One specialized team stood out from the rest – the Catastrophe Response, or CAT, team. Made up of 16 members who are specially-trained to handle large storm claims events, this team’s goal is to be the first-in, first-out when it comes to processing insurance claims. When a storm hits, activated team members arrive on-site to inspect property damage and write repair estimates at their designated storm site. The team typically works no more than 21 days in a row before having a 7-day break, but the magnitude of the derecho required a different level of service.
“We had a member of the CAT Team in our office basically full-time for five weeks, I think. He was able to cut checks right there for Randy and me to deliver, and as people called in with questions, they were able to come in to visit with him as well,” said Agent Chris Oberbroeckling.
“I actually kept track of the checks that I delivered, and it totaled $2.76 million. We probably put close to 1,200 miles on my truck in the course of three weeks, just driving out to farms and homes to deliver the checks that were going to get people back on their feet,” added Agent Randy Strnad.
The impact of the CAT Team was lasting for client/members Bart and Kim Gingrich who operate a pumpkin patch in eastern Iowa. “Probably the thing that caught me off guard was when our adjuster said, ‘I’ve looked at your policy, I know what’s on it, so now we get started going through what you might have for claims.’ And I thought, you took the time to study my policy already before you got here? That saved a lot of time just by knowing he knew what was going on. Then I just felt relaxed, because I knew I had an adjuster that was straight-forward and detailed.”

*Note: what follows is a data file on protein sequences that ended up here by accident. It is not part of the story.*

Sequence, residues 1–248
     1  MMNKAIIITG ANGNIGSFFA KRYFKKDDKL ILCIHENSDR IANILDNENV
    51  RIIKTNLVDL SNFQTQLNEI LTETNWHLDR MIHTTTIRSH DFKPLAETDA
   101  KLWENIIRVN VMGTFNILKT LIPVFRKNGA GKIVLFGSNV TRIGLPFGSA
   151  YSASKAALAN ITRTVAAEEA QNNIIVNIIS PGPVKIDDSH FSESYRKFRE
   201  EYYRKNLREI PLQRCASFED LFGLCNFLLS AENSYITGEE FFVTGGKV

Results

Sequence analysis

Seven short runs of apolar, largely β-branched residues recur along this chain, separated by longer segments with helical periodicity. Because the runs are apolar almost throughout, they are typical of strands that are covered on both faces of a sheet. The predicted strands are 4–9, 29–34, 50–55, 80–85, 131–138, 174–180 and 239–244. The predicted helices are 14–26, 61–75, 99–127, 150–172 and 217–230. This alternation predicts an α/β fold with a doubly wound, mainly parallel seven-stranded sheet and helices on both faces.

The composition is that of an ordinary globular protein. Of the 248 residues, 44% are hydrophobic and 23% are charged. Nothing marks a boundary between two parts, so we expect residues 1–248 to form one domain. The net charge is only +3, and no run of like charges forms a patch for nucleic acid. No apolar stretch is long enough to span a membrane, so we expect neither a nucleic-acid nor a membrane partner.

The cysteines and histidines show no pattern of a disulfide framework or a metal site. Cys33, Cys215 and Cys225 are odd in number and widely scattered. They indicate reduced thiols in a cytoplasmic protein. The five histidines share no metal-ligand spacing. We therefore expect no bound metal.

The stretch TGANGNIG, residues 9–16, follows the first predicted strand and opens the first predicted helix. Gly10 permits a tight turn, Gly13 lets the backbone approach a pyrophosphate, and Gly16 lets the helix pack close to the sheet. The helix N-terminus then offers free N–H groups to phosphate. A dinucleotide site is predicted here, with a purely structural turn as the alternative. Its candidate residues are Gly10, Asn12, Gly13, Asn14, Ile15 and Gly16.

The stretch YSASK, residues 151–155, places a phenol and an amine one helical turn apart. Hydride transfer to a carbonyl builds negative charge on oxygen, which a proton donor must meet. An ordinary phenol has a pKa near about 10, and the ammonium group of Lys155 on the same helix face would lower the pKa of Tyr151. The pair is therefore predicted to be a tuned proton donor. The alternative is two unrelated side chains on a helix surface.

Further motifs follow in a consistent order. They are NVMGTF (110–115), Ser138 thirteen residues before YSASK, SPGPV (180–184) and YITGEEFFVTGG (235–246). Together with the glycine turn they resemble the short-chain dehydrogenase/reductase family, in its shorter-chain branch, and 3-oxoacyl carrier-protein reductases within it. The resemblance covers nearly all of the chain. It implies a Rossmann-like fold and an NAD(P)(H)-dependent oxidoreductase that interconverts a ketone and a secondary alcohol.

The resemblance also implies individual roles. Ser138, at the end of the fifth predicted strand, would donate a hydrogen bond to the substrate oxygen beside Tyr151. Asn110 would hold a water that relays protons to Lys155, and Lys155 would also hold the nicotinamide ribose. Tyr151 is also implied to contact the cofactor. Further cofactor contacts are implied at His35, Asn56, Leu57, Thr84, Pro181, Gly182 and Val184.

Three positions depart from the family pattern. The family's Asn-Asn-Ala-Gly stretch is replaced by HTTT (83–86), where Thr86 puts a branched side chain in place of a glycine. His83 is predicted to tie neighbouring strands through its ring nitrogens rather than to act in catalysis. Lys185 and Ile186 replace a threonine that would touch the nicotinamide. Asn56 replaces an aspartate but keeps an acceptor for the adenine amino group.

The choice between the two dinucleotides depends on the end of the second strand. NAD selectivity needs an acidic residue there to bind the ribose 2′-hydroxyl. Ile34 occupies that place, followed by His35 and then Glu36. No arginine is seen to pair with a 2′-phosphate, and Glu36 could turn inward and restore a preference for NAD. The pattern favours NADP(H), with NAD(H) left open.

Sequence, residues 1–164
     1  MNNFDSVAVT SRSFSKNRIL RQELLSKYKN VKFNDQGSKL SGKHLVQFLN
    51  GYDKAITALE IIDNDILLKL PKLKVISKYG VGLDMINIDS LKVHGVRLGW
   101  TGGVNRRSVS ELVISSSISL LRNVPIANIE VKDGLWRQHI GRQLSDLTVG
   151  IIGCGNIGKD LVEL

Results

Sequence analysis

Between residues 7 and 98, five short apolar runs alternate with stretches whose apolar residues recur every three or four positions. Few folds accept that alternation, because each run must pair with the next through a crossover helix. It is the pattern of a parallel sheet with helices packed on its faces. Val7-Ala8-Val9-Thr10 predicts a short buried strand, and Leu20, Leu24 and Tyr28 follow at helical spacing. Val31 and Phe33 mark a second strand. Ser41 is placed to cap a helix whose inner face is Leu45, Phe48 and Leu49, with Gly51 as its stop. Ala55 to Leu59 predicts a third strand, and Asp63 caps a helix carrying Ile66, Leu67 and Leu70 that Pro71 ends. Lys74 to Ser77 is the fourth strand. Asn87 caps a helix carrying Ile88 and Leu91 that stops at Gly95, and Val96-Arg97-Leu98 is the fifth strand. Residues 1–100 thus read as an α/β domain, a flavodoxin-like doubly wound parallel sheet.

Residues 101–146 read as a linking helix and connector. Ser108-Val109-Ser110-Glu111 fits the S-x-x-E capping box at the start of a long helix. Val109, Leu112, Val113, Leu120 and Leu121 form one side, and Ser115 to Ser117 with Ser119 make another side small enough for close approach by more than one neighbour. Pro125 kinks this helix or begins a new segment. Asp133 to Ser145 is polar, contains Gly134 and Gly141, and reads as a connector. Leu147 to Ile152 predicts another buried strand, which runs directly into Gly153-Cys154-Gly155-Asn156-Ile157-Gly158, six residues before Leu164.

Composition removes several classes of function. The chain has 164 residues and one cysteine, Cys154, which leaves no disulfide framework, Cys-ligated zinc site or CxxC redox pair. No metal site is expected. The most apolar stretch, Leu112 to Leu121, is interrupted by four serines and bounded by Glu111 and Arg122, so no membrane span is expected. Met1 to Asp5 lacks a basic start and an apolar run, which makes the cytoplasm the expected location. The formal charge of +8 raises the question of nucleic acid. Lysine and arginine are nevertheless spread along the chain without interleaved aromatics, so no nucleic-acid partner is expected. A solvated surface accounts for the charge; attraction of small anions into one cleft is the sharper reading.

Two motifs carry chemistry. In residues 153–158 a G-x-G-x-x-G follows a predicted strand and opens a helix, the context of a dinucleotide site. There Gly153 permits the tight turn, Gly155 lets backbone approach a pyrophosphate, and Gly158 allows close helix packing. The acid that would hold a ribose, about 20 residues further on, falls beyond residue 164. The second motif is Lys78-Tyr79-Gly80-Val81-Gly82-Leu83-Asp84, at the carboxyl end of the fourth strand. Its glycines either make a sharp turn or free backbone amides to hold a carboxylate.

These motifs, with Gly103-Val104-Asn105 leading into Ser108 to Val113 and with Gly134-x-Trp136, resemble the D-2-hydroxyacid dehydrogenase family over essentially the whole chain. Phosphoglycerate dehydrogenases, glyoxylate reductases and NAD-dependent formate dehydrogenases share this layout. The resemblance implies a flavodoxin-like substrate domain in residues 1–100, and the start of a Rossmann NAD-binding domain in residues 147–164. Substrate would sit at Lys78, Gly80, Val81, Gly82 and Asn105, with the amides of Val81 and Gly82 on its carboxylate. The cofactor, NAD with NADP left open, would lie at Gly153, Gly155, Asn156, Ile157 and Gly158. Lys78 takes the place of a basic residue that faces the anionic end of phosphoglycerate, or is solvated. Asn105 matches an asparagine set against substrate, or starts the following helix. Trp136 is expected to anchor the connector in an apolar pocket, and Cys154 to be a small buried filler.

Crisis Therapy Dogs came to help, too
Two weeks after the derecho, with extensive clean-up efforts still underway in the Cedar Rapids area, Farm Bureau’s three Crisis Therapy Dog teams were deployed to visit the area. The owner/dog teams were stationed at a Farm Bureau office where members of the community could stop by to pick up bottles of water, pet and play with the dogs and take a moment’s pause from the difficult work of cleaning and repairing their city.
“Luna and I arrived two weeks after the storm, which seemed like the perfect time, as everyone was ready for a much-needed pick-me-up. We got to go out with Agent Brian Berg as he delivered checks to our client/members. Luna’s arrival brought so many smiles to people’s faces – for that brief moment, people could forget about the storm and focus on petting a happy dog,” says Rosio Duarte, Business Center Director and Crisis Therapy Dog Owner.”